October 9, 2023

Growing Your Savings in SA – The Harsh Truth

Growing savings in South Africa - Debtline

When paychecks come in, we’ve been taught to split the funds into categories of monthly expenses, essentials, luxuries, and savings.

In normal circumstances, it would be easy to split funds across these different categories without a worry.

However, the current financial climate is making it impossible for South Africans, forcing them to cut luxuries and, more importantly, savings.

The Reality of Savings in South Africa

Deloitte’s South African Investment Management Outlook 2023 compares the savings rate in South Africa to that of other countries. Results reveal that the saving habits here are far below the average, which is raising concern.

On the one hand, there is the urge to educate and encourage South Africans on the importance of savings, while the financial climate should be taken into consideration.

Read: Your Complete Guide to Savvy Savings

With the high cost of living, South Africans are forced to spend the majority of their income on things like daily living expenses and other essentials. Leaving little to no room for savings or anything extra.

Many still believe that it’s important to have access to services that provide financial advice and education.

Cause for Concern?

A recent study revealed that less than a third of South Africans have saved their retirement money after leaving employment. Many have opted to cash out their entire retirement fund, which will not leave them with enough money for a comfortable retirement.

The study also shows that about 62% are likely to use all their retirement funds before retirement if the rules allow it.

Read: Saving Tips – Ways to Set Yourself Up Later

A possible solution is a new two-pot system, which will allow members to withdraw funds from the available cash pot should they need to. The savings pot will take a maximum of 10% of their current retirement funding to set the savings pot for retirement.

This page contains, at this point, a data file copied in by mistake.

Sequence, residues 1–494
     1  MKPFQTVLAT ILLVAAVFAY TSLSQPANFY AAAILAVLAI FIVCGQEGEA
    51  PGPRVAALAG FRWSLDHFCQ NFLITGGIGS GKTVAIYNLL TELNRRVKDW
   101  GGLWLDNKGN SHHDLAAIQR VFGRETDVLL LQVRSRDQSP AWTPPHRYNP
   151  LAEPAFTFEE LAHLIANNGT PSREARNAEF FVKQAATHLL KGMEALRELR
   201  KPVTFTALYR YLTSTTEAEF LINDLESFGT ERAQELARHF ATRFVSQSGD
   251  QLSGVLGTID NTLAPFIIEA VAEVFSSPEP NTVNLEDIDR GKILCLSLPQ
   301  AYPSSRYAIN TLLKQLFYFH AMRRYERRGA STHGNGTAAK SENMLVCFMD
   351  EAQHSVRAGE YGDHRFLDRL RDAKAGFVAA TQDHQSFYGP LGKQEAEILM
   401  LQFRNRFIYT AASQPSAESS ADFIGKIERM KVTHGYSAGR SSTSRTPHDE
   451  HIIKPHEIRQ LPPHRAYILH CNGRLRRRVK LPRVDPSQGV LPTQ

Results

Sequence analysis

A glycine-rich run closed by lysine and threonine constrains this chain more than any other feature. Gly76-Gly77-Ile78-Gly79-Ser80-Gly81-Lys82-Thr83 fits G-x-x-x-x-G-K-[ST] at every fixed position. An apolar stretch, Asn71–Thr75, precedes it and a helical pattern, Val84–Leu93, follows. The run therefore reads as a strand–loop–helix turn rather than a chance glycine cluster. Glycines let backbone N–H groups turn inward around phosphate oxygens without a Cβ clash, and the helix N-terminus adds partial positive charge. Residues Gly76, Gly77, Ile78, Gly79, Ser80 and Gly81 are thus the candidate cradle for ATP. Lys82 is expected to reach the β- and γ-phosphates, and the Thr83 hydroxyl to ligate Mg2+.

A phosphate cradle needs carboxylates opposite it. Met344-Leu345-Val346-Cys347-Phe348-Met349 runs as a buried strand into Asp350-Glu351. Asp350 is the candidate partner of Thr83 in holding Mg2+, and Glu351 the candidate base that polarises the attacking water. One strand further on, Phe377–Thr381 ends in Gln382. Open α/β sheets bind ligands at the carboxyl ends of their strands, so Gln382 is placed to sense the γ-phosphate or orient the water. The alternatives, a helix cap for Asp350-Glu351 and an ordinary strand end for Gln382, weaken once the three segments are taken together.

This savings pot will seed at a max of R25,000 and limit minimum withdrawals to R2,000. Thus, the savings pot is your accessible savings that can be withdrawn while the rest of the retirement goes into a separate pot, which will remain inaccessible.

Grow Your Savings with the Two-Pot System

With this two-pot system, members will still be able to withdraw should they require to, but it will also assist in ensuring that retirement funds are available by the day of retirement.

With early access to a third of the retirement savings, it’s possible for members to escape the clutches of debt that may occur with financial shocks or unforeseen emergencies. The portion can be used during financial hardships, helping members steer clear of debt cycles and high-interest loans.

Read: 5 Reasons Why South Africans Are Buckling Under Their Debt

It’s visible that when there’s no cash flow available, the retirement fund becomes a viable option. However, while it may be a short-term solution, it can lead to long-term problems. Something like the two-pot system can help users get out in the clear without depleting their retirement funds.

While the pandemic had a hand, the National Treasury revealed that less than 6% of South Africans could retire comfortably even before the pandemic. The odds are that most will outlive their retirement savings. This is why it is becoming more important to have plans in place to assist while providing services to educate and encourage the importance of savings.

The Advantage of Debtline

Debtline is an NCR-registered debt counseling firm with a mission to help you get debt-free. Services include protection for those under Debt Review, assistance in negotiating debt repayments, and access to expert advice provided by professional counselors.

Read: The Benefits of Living Debt Free

For any of these services or to find out more, you can contact the Debtline team for a free callback by filling out the website form.